School Choice & Charters

Scholarly Journal on Catholic Schools Debuts

By Jeff Archer — September 10, 1997 2 min read

A new scholarly journal devoted exclusively to Roman Catholic schools is seeking to spark a higher level of discussion about Catholic education.

As they receive the inaugural issue this month, many Catholic educators say Catholic Education: A Journal of Inquiry and Practice is beginning to fill a long-standing void.

“There’s been a laconism for 20-some years in the scholarly arena,” said Sister Lourdes Sheehan, who directs the department of chief administrators of Catholic education at the Washington-based National Catholic Educational Association.

The field already is served by several publications geared more toward a general audience, such as the NCEA’s Momentum. But Catholic Education now is the only such scholarly publication of peer-reviewed articles. The Catholic University of America in Washington and the University of Notre Dame in South Bend, Ind., at one time had similar journals, but both have long since ceased publication.

The quarterly Catholic Education is a joint venture of Fordham University in New York City, St. Louis University in Missouri, the University of San Francisco, and the University of Dayton in Ohio, which houses its editorial offices. Seed money came from the Indianapolis-based Lilly Endowment.

Running about 120 pages, the publication covers both K-12 and higher education. It includes reviews of books and recent research along with articles examining educational practice, policy, and social concerns affecting parochial schools. About 700 copies of the journal have been published in the first press run, and its editors hope soon to attract 1,000 subscribers.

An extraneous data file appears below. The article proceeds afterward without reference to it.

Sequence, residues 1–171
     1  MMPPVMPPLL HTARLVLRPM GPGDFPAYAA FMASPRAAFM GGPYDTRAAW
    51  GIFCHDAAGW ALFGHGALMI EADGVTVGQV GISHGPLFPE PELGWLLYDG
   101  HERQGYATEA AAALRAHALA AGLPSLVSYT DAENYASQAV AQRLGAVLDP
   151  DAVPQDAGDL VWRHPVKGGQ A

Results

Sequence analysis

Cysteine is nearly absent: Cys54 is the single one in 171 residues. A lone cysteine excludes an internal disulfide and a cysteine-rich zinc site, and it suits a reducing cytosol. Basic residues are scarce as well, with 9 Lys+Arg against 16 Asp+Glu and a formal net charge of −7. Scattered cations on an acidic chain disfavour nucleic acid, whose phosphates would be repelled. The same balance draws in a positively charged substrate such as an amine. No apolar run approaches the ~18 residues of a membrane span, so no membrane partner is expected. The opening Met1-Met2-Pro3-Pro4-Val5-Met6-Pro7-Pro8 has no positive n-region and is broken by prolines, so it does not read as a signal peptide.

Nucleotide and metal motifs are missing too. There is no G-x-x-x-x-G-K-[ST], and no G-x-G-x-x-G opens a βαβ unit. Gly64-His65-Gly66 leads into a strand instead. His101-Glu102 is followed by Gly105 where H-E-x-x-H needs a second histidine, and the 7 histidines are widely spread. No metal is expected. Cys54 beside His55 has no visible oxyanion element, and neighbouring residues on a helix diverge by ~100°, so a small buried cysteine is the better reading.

Religious Identity

The first issue includes a discussion of the religious identity of Catholic institutions of higher education and an article in which Bruno V. Manno of the Indianapolis-based Hudson Institute, a conservative think tank, examines the relationship of Catholic high schools to the national debate on school reform. It also includes a response to Mr. Manno’s article by Karen Ristau, who has directed educational leadership programs at the University of St. Thomas in St. Paul, Minn.

Elaine M. Schuster, the superintendent of schools for the Archdiocese of Chicago, also writes about the significant role that new scholarship could play in the field of Catholic education. Research should concentrate on the unique experience of Catholic schools carrying out education reform, parochial school organization, and what makes a school Catholic, she writes. (“Keeping the Faith” and “Without Abandonment,” Feb. 26, 1997.)

Sister Sheehan agrees.

“For those of us in Catholic education, the one big question is the uniqueness of Catholic schools,” she said. “What makes them unique, and how does that allow us to make a contribution?”

Subscriptions are available for $35 for individuals and $80 for institutions from Catholic Education, University of Dayton, 300 College Park, Dayton, OH

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